Ever tried re-creating your favorite latte at home only to be disappointed by the outcome? Your water quality may be to blame. Premium coffee beans and the right grind are important, but water makes more than 90% of a cup of Joe. So it makes sense that bad water can lead to bad coffee.
Find out how hard water, high in mineral content, can affect the flavor of your coffee and the lifespan of your coffee maker.
How Hard Water Impacts Your Coffee’s Flavor
Hard water is high in excess minerals such as magnesium and calcium. While these excess minerals are not harmful to your overall health, they can negatively impact your tap water’s taste, appearance, and cleaning power.
Believe it or not, coffee experts have studied how the mineral content of water affects the flavor of the final cup, and it’s not all bad news. According to New Ground Mag, an online specialty coffee publication, “Magnesium tends to bring out fruitier, more acidic, and delicate notes, whereas calcium brings out more chocolatey, creamy, heavy notes.” But it’s a delicate balance to find the right mineral content to produce the ideal flavor. And it’s unlikely to happen on accident, especially considering around 85% of American homes have hard water.
According to the Specialty Coffee Association, the ideal calcium hardness level in water for a cup of coffee is 50-175 parts per million CaCO3. This wide range of figures encompass homes that would have slightly hard or moderately hard water. Homeowners with hard or very hard water (greater than 120 ppm CaCO3) may find their coffee tastes bitter and flat. The excess calcium in the water interacts with the caffeic acids to create an unbalanced and unpleasant cup.
Hard water is only one piece of the puzzle. Other factors such as municipal water treatment additives or organic compounds can also impact your coffee’s overall taste. Read more about these factors here.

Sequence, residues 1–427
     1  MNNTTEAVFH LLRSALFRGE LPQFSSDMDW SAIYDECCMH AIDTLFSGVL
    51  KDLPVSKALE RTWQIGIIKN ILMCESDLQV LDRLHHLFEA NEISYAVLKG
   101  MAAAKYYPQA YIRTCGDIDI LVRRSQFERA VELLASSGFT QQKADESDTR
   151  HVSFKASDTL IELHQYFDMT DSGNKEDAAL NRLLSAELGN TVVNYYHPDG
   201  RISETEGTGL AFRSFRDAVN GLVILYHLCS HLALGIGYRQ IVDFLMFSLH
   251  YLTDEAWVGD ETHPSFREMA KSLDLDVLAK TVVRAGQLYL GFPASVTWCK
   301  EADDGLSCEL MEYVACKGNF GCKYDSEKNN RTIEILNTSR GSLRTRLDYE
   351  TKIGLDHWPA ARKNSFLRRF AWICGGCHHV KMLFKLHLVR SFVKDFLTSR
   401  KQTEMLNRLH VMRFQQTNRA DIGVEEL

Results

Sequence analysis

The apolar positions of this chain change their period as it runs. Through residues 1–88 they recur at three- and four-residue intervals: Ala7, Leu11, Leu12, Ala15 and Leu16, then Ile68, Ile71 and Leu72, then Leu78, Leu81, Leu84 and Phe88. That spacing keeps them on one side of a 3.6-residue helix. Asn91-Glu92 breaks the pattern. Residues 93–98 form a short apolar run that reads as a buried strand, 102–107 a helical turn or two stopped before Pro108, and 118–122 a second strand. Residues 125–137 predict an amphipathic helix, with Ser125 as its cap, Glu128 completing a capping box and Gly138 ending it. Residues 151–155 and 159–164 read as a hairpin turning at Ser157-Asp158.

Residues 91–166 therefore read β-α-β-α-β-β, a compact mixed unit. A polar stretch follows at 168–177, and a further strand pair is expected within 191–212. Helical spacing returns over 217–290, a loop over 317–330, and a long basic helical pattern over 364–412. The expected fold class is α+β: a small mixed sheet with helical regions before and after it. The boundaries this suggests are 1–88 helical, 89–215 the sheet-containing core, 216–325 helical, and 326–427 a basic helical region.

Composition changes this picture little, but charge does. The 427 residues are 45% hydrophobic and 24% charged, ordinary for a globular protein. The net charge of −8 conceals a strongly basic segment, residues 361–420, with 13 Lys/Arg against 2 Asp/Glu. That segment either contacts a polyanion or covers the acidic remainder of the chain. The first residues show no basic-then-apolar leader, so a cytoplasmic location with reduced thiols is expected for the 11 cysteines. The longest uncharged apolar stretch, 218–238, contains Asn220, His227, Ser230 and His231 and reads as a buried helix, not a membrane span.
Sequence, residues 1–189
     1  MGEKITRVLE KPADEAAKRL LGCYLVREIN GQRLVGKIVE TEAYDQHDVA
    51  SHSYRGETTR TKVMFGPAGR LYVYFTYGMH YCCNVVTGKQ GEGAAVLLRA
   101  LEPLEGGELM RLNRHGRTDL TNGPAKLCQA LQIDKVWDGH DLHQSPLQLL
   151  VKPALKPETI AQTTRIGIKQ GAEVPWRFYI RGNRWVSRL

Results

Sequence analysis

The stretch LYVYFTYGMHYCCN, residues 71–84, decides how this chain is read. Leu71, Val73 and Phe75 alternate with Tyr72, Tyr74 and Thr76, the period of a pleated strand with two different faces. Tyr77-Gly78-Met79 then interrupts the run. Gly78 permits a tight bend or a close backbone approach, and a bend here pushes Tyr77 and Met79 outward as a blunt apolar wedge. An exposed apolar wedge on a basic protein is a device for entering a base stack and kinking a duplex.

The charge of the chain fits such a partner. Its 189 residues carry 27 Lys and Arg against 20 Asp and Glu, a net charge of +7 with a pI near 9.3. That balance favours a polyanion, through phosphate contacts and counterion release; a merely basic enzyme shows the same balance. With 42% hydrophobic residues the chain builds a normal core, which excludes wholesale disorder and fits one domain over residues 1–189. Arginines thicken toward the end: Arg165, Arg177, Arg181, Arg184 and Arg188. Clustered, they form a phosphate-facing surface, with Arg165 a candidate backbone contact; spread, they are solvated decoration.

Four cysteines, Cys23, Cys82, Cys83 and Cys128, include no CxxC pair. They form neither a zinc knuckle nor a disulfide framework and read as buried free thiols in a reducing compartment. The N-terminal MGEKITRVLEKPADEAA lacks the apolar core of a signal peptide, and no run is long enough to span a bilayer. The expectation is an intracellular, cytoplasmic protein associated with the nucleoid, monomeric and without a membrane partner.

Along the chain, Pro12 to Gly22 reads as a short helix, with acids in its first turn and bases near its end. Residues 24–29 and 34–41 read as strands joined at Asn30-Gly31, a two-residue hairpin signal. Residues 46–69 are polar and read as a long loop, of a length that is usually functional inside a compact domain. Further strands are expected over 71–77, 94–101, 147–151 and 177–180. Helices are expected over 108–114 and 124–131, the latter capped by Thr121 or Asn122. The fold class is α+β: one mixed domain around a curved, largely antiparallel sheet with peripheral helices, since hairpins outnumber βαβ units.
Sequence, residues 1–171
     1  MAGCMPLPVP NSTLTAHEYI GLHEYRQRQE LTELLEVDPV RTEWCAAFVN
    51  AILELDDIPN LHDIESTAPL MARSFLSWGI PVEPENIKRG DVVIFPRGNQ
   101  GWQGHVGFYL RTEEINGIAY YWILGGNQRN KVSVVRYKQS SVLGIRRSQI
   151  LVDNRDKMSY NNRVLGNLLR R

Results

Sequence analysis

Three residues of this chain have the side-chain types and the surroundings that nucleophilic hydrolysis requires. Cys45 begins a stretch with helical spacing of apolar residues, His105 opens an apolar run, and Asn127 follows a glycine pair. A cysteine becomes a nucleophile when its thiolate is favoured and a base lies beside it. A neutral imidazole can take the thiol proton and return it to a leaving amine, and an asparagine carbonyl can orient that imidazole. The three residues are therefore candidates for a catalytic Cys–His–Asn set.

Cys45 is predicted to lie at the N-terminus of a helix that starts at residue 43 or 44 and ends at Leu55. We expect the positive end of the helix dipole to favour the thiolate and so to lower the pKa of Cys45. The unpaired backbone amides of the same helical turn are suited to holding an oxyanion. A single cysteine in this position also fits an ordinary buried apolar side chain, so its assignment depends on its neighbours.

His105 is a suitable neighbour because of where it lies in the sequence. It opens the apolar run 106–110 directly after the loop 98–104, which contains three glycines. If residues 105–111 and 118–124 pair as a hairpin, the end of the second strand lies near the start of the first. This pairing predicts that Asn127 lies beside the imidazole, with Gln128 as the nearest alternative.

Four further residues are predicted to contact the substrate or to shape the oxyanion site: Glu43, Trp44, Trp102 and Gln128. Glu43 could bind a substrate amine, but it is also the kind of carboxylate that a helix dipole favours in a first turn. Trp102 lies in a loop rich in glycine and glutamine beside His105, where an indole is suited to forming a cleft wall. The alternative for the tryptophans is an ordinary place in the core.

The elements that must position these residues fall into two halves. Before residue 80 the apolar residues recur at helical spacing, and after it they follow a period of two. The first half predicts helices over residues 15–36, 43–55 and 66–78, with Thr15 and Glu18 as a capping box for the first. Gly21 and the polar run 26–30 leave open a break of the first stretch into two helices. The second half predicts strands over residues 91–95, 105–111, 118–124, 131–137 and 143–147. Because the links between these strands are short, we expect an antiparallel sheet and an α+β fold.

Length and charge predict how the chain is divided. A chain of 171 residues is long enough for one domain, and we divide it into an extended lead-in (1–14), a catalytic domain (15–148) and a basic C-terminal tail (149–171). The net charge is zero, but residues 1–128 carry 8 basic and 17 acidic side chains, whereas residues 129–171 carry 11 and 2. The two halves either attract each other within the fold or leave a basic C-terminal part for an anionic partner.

How Hard Water Affects Your Coffee Maker
Hard water is infamous for leaving behind crusty build-up on your fixtures, tubs, and appliances. For every crusty faucet that you can see, there are unseen areas of build-up inside your home’s pipes and your appliances’ internal components. You can tell that this build-up is impacting your home when you start to notice poor performance in your dishwasher, washing machine, or your coffee maker.
You may notice build-up or clogging on your coffee maker faster than other areas in your home. That’s because calcium is more soluble in hot water. When hard water is heated in your coffee maker, the calcium carbonate precipitates and attaches to the interior of your machine. According to New Ground Mag, “water with hardness above 85 mg/L (ppm) and alkalinity above 40 mg/L (ppm) has the potential to cause a considerable buildup of scale on coffee equipment.”
Routine cleaning and maintenance will help prolong the life of your coffee maker, but over time, hard water build-up may be more and more challenging to tackle. The best way to prolong the life of your coffee machine and produce the best tasting cup morning after morning is to brew your coffee with pure, filtered water.
Chat with our team today to learn more about how a whole home system or a drinking water system may be right for you.